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If a topic on a Canadian site is more relevant than a UK site it should out rank it.
This is presumably why Google have the radio button "pages from the UK" or "pages from Canada".
The question is a good one. What are the reasons that make Google believe a page is from the UK when it is in fact from somewhere else?
I can think of a few; TLD, IP address, content-language meta, DMOZ and Yahoo regional listings.
There must be others?
However, many searches are not commerce related. If searching for "multivariate testing" where the server is located is irrelevant so long as its content is in the same language where the searcher resides.
If searching for "multivariate testing" where the server is located is irrelevant so long as its content is in the same language where the searcher resides.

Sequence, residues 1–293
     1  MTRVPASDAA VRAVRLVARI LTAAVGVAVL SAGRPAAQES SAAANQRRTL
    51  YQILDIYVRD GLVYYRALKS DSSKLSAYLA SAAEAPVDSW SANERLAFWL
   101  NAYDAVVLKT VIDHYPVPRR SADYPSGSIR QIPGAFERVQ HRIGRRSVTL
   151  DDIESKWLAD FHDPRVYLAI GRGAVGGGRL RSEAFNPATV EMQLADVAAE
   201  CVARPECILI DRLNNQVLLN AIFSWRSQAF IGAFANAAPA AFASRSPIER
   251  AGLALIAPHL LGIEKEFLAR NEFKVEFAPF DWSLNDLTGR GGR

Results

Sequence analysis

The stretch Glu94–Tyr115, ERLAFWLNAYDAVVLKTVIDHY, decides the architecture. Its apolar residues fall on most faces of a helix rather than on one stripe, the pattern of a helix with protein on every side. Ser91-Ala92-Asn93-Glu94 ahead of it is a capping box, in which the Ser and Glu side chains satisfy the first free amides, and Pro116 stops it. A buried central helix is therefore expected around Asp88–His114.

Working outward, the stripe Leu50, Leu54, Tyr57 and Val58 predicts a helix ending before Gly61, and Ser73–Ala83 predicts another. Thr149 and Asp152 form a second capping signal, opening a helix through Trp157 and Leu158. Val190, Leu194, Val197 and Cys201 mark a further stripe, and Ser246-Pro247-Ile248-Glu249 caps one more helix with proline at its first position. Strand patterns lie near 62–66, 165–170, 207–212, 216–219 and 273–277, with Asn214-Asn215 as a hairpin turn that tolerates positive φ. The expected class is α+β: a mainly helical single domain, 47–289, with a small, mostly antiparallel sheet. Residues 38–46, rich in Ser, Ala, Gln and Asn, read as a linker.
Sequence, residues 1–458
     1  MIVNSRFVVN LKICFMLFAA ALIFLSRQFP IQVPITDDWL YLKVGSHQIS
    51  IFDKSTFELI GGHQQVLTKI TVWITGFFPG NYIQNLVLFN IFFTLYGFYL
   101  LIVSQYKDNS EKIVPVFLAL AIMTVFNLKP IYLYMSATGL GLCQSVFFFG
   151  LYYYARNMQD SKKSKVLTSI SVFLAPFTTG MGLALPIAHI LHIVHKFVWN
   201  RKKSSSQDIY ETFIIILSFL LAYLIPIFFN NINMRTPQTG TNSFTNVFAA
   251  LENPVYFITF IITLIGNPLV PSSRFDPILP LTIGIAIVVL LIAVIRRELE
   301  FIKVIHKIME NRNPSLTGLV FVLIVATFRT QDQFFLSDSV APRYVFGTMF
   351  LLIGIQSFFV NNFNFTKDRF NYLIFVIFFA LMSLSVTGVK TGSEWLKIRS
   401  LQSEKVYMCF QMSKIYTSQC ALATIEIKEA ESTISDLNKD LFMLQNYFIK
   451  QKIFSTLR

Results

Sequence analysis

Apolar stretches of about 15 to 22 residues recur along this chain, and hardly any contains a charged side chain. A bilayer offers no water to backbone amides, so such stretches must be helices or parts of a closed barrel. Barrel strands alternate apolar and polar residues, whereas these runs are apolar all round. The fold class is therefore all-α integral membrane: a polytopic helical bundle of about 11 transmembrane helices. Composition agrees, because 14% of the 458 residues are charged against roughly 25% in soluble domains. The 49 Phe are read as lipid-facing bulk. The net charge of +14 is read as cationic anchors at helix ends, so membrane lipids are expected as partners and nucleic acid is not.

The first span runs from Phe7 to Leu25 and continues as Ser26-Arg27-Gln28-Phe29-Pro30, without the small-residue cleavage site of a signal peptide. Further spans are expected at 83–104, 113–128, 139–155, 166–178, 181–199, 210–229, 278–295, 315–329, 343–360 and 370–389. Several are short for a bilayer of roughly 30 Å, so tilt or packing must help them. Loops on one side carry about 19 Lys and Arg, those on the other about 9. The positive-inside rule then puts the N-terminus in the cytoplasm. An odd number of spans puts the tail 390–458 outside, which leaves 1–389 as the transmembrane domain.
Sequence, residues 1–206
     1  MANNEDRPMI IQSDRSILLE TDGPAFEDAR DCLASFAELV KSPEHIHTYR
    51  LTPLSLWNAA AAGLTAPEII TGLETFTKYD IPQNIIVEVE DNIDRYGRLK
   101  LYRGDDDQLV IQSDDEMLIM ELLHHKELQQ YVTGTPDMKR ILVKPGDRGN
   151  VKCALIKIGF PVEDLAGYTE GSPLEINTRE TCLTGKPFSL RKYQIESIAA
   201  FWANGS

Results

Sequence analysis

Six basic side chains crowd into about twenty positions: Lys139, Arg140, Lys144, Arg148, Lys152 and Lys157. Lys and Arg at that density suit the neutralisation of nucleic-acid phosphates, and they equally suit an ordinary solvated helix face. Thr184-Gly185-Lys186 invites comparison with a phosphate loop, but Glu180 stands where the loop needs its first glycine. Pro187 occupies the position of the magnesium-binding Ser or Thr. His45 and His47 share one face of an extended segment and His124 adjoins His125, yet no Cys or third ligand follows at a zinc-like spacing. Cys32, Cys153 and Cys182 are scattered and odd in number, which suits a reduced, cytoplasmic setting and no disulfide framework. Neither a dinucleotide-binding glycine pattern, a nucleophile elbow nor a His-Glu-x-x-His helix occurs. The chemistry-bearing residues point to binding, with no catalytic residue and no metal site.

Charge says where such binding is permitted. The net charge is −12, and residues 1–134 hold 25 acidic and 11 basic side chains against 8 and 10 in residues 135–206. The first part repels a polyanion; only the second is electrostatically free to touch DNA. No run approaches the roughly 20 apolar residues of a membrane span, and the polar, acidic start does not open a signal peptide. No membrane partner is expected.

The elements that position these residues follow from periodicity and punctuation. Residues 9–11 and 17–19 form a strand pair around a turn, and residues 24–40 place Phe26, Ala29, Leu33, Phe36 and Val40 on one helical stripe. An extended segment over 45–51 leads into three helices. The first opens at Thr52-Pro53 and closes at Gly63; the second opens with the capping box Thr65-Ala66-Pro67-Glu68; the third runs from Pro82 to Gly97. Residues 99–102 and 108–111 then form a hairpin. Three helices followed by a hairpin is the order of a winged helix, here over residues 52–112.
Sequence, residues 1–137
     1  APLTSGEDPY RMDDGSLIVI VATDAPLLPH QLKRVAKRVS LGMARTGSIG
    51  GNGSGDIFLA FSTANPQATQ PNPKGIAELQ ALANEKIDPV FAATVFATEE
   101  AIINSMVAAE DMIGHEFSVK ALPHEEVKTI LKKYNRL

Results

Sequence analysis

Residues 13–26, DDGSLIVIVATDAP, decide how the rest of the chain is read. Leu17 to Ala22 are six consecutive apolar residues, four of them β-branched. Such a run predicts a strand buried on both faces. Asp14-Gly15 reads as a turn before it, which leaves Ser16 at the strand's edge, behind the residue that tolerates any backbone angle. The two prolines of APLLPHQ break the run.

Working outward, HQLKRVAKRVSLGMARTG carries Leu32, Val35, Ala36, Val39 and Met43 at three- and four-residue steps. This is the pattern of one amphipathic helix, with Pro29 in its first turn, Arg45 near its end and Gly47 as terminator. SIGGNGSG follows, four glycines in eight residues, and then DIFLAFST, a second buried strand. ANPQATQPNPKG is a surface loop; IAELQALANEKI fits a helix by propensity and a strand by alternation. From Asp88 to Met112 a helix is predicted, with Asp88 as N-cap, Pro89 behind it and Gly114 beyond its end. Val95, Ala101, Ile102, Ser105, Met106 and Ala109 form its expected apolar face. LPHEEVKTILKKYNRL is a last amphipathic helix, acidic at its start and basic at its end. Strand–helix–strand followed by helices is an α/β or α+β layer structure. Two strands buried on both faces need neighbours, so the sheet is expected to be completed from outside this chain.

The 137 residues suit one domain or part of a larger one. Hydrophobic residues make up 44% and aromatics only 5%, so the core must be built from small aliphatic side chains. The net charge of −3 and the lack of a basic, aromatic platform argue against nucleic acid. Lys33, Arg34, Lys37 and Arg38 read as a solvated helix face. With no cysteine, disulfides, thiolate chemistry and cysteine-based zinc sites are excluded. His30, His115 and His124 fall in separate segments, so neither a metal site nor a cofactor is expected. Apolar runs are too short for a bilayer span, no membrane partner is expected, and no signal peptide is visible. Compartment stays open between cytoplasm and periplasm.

I'm assuming that his question is asking why there is less exposure for UK sites when the general serps are displayed--meaning no user selection of "pages from".
I know it's frustrating. I'm currently abroad and my rankings--that are great in the US--are horrible! I know that's the opposite problem you have, but you get the point.
Another is that .COM is the most universal extension if you want a single site to do international business. Although most .com's are likely registered and operating out of the US, many do business elsewhere in the world.
My guess is if Google only displayed .co.uk sites, then people would be complaining because the SERPs would read "Results 1 - 10 of about 237 for random search term". How much fun would that be?